Meron Benvenisti (Hebrew: מירון בנבנשתי, born April 21, 1934) is an Israeli political scientist who was Deputy Mayor of Jerusalem under Teddy Kollek from 1971 to 1978, during which he administered East Jerusalem and served as Jerusalem's Chief Planning Officer. Initially trained as a medievalist, he has published books and maps on the Crusaders period in the Holy Land. He later obtained a Harvard doctorate in conflict management. In 1984 he founded the West Bank Database Project, documenting social, economic, and political developments in the West Bank. Since 1992 he devotes his time to teaching as visiting lecturer (Ben-Gurion University 1994–1998, Johns Hopkins SAIS Washington DC 1982–2009), research and writing on Jerusalem, Northern Ireland conflict, Israeli- Palestinian relations, Palestinian vanished landscape, bi-nationalism and restaurant reviews. He was a fellow at The Wilson Center in Washington DC and a Visiting Fellow at Harvard's CFIA and a recipient of research grants from the Rockefeller Foundation, the Ford Foundation and the US institute of Peace. Between 1991 and 2009 he wrote a column for Haaretz, Israel's leading left-liberal newspaper. He holds a doctorate from Harvard's Kennedy School. He is the son of Israel Prize recipient David Benvenisti.
He has long been a critic of Israel's policies towards Palestinians in the West Bank and Gaza Strip and is an advocate of the idea of a binational state. In 2004, he warned that plans to build a separation wall were actually plans for "bantustans" that would effectively imprison millions of Palestinians and exacerbate the conflict, rather than resolve it as many hoped. He said that "The day will come when believers in this illusion will realise that 'separation' is a means to oppress and dominate, and then they will mobilise to dismantle the apartheid apparatus."  In 2012, he suggested claims that Israel is an apartheid state were "wrongheaded, simplistic and dangerous," but also said the situation in Israel proper is "no less grave". He suggested that Israel is a "Herrenvolk democracy" (master race democracy) in which Israel behaves 'like a full-blooded democracy' but has a group of serfs (the Arabs) for whom democracy is suspended, creating a situation of 'extreme inequality.' In the same interview, he stated that "The separation fence: that is truly apartheid. Separation is apartheid." According to Benvenisti, the only solution is to incorporate Palestinians into the state on conditions of equality.
- Benvenisti, Meron (1976). The Crusaders in the Holy Land. Jerusalem: Israel Universities Press. OCLC 1004860416
- Benvenisti, Meron (1976): Jerusalem, the Torn City, University of Minnesota Press, Minneapolis, ISBN 0-8166-0795-8)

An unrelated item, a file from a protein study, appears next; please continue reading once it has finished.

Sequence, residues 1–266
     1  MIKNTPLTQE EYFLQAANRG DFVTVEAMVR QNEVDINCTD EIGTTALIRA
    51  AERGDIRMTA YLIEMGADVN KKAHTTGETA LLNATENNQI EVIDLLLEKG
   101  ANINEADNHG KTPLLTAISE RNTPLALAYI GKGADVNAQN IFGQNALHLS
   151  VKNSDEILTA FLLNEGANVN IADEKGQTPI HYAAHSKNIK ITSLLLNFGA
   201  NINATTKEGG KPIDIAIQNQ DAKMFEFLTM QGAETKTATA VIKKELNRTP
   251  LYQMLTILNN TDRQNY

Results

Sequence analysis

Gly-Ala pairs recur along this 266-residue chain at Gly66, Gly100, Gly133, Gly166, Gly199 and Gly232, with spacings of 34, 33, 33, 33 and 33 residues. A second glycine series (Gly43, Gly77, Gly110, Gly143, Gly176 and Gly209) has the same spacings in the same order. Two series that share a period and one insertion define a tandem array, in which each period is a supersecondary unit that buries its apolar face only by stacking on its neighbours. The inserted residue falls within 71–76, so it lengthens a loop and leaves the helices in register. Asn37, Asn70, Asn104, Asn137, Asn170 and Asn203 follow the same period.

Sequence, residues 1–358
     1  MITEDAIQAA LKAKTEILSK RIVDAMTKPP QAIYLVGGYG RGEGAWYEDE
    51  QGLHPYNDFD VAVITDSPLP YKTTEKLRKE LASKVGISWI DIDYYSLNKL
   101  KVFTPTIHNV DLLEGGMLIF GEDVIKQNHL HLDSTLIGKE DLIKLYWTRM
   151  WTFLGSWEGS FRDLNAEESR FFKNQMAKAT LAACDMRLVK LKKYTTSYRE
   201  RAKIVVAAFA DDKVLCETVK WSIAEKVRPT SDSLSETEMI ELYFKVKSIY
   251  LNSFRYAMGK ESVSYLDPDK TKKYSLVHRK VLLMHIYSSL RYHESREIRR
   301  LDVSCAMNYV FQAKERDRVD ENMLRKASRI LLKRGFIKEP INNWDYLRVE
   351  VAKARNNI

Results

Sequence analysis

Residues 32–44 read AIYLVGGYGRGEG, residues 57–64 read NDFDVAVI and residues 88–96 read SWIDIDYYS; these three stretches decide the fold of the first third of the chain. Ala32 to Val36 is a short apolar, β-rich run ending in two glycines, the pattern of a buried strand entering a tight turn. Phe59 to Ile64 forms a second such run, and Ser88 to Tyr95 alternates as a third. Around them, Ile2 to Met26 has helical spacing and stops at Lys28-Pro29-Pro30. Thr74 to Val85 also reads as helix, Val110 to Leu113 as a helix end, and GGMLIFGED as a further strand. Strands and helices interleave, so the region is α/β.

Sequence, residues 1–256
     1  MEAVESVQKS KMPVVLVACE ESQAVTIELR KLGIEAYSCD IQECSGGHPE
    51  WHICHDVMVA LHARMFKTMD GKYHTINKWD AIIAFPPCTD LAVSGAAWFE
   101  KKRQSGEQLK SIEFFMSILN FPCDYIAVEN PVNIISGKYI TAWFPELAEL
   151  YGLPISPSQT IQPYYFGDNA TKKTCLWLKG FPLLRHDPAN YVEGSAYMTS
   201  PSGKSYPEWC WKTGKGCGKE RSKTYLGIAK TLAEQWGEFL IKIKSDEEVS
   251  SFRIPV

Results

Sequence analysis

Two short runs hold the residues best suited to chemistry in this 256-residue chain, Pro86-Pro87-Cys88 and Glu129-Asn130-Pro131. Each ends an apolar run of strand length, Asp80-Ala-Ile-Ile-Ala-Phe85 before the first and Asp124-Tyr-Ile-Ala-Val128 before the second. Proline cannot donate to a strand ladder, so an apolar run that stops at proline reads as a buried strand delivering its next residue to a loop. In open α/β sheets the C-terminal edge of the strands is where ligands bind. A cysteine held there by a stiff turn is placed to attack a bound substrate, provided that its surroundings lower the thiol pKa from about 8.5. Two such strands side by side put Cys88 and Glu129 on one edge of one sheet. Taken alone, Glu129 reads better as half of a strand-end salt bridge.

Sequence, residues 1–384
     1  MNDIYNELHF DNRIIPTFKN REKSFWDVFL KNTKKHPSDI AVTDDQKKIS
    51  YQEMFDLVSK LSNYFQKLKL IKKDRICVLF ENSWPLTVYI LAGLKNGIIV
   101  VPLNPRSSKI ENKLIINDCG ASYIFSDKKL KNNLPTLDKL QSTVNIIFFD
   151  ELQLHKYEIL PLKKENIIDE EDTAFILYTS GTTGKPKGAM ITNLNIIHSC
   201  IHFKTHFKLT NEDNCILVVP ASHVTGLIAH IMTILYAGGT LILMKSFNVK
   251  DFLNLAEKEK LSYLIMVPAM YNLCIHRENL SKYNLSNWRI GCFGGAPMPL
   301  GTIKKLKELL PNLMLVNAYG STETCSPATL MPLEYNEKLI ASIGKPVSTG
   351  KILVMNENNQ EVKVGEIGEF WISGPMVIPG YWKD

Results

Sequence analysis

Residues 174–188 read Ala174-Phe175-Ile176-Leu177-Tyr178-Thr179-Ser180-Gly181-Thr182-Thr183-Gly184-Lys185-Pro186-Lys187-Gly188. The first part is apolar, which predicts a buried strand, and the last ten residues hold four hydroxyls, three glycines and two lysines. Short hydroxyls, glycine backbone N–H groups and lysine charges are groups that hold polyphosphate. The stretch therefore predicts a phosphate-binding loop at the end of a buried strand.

- Benvenisti, Meron (1984): West Bank Data Project: A Survey of Israel's Policies, American Enterprise Institute for Public Policy Research, ISBN 0-8447-3544-2
- Benvenisti, Meron (1988): Conflicts and Contradictions, Villard, ISBN 0-394-53647-9
- Benvenisti, Meron (1995): Intimate Enemies: Jews and Arabs in a Shared Land University of California Press ISBN 0-520-08567-1
- Benvenisti, Meron (1996): City of Stone: The Hidden History of Jerusalem University of California Press ISBN 0-520-20521-9
- Benvenisti, Meron (2002): Sacred Landscape: Buried History of the Holy Land Since 1948. University of California Press. ISBN 0-520-23422-7
- Benvenisti, Meron (2007): Sons of the Cypresses: Memories, Reflections and Regrets from a Political Life. University of California Press ISBN 978-0-5202-3825-1
- Benvenisti, Meron (2012), The Dream of the White Sabra ISBN 978-9-6507-2031-5 (Hebrew)
- Meron Benvenisti (3 January 2002). "Either a Zionist or a terrorist". Haaretz.
- Meron Benvenisti (17 January 2002). "Systematically burying ourselves". Haaretz.
- Meron Benvenisti (26 September 2002). "The homeland purified of Arabs". Haaretz. (about Sataf)
- Meron Benvenisti (10 October 2002). "Loving 'the homeland'". Haaretz.
- Meron Benvenisti (7 November 2002). "The binational option". Haaretz.
- Meron Benvenisti (21 November 2002). "The never-ending enterprise". Haaretz.
- Meron Benvenisti (19 December 2002). "A tank under the Christmas tree". Haaretz.
- Meron Benvenisti (13 March 2003). "Prime minister of what?". Haaretz.
- Meron Benvenisti (10 April 2003). "The true test of the imperial pretension". Haaretz.
- Meron Benvenisti (24 April 2003). "The capital nobody wants to lead". Haaretz.
- Meron Benvenisti (3 July 2003). "The High Court and fear of return". Haaretz. (about Ikrit)
- Meron Benvenisti (31 July 2003). "When will Israel become a homeland?". Haaretz.
- Meron Benvenisti (8 August 2003). "Cry, the beloved two-state solution (Part 2)". Haaretz. Archived from the original on 10 March 2008.
- Meron Benvenisti (28 August 2003). "A wall against fear". Haaretz.
- Meron Benvenisti (6 November 2003). "Defensive walls of self-righteousness". Haaretz.
- Meron Benvenisti (20 November 2003). "Which kind of binational state?". Haaretz.
- Meron Benvenisti (26 April 2004). "Bantustan plan for an apartheid Israel". The Guardian.
- Meron Benvenisti (9 February 2006). "The hypocrisy of tolerance". Haaretz.
- Meron Benvenisti (29 May 2008). "A lull of no return". Haaretz. (on the possible/probable de facto long-term political division between Gaza and the West Bank and its effects on both Israel and the Palestinians)
- "Intimate Enemies : Meron Benvenisti – University of California Press". Ucpress.edu. Retrieved 20 July 2011.
- "The rebellious son". The Jerusalem Post. 3 June 2007. Retrieved 20 July 2011.[dead link]
- Meron Benvenisti (26 April 2004). "Bantustan plan for an apartheid Israel". The Guardian. Retrieved 10 March 2016.
- Ari Shavit (11 October 2012). "Jerusalem-born thinker Meron Benvenisti has a message for Israelis: Stop whining,". Haaretz. Retrieved 10 January 2014.